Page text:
FCPS Faces Staff Shortages in the Face of Omicron

FCPS Faces Staff Shortages in the Face of Omicron

Superintendent pledges to keep students in the classroom, but it will “not be business as usual.”

FCPS is resolved to keep schools open.

FCPS is resolved to keep schools open.

Fairfax County Public Schools is immediately switching to a new operational plan as the
FCPS is resolved to keep schools open. 


 area is being slammed by the size and speed of the Omicron wave. 

"We will follow this operational plan for the next two-to-three weeks,” said Superintendent Scott S. Brabrand, on Friday, Jan.  6. “During this time, we must adjust our expectations about instruction and give our staff the space needed to make adjustments and on-the-spot decisions needed to combat this Covid spike." 

FCPS plans to deploy its central office and management staff to school operations.

"It will not be business as usual," Brabrand said. "These shortages will impact us in every way, from classroom instruction to operations." Brabrand outlined the plan and asked for patience. "There will be some things that simply cannot happen as we move central office staff to supporting school operations," Brabrand said.

Brabrand outlined the division's five-point plan beginning with classroom coverage. He reminded teachers to upload materials to Schoology and said that FCPS may not always be able to provide StreamIN/CheckIN, the plan for for students who are paused, quarantined, or isolated due to Covid. FCPS will seek a substitute teacher from the sub pool, another teacher or staff member, and Central Office volunteer subs who have instructional experience when a classroom teacher is absent. FCPS  could combine two classes with one teacher and group multiple classes together, to provide supervision. 

FCPS is urging families to get their children vaccinated as the best protection against Covid-19.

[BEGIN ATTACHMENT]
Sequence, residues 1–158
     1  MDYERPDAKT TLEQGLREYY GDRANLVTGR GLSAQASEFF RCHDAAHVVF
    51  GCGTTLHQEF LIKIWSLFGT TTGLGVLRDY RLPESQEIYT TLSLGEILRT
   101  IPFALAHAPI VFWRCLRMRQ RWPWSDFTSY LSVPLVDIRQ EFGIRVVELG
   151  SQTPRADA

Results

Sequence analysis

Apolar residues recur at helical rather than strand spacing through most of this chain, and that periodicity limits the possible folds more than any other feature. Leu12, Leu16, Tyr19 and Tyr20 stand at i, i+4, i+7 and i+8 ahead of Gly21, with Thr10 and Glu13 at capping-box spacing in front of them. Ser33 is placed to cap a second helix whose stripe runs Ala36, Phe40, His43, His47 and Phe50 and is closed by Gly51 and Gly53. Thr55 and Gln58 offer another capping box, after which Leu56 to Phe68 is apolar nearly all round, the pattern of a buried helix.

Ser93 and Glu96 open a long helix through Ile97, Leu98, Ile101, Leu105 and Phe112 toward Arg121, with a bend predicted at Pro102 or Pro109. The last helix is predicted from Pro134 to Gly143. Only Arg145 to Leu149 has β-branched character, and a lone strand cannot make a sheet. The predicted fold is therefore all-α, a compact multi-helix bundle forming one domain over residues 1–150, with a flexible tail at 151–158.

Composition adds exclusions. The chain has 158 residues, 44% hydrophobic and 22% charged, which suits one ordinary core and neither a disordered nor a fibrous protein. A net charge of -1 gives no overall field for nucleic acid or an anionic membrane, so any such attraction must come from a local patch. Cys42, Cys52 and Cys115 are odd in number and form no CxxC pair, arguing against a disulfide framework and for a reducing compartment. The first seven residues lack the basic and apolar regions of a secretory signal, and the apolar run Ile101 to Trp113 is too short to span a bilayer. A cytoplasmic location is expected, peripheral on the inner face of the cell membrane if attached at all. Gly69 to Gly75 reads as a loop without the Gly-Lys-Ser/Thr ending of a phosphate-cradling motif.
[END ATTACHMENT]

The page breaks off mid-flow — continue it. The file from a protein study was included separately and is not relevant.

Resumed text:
The shortage of school bus drivers is causing delays in bus routes, double-back runs, and students arriving at school after the bell. 

"Schools will adjust instruction to ensure that no child is missing important classroom time," Brabrand said. Check the Bus Delay App https://busdelay.fcps.edu/.

Food Services continues to provide breakfast and lunch, but bag lunches may be offered instead of the regular meals given more significant staff shortages 

Brabrand asked families to help beginning with their health and safety: 

* Keep sick children home; 

* Get students vaccinated; 

* Enroll students  in optional screening testing 

* Use FCPS' diagnostic testing if a student has symptoms. 

* Help students use layered prevention strategies: proper masks, wash hands, and use hand sanitizer, and be sure students bring home their laptops and chargers every night. 

* Finally, he urged parents to apply to be substitute teachers

"Please know that while things will not be perfect, we are all doing our best. We are all in this together as a community, and it will take all of us to keep our schools open," Brabrand said,

Read Dr. Brabrand's January 6 Letter to Families


The Fairfax County Health Department explained a more specific approach to vaccination for the coronavirus for children and teens.

“There are now expanded vaccination opportunities for teens and children effective this week. Following recommendations from the Centers for Disease Control and Prevention and the Virginia Department of Health, the Fairfax County Health Department immediately adopts the following recommendations:

* individuals ages 12–17 years should get a Pfizer-BioNTech COVID-19 Vaccine booster dose five months after finishing their two-dose primary series;

* individuals ages 18 years and older should get any COVID-19 Vaccine booster dose five months, rather than six months, after finishing their two-dose primary series of the Pfizer-BioNTech vaccine; and

* 5–11-year-old vaccine recipients who are moderately or severely immunocompromised are eligible to receive a third dose of the Pfizer-BioNTech vaccine 28 days after the second dose.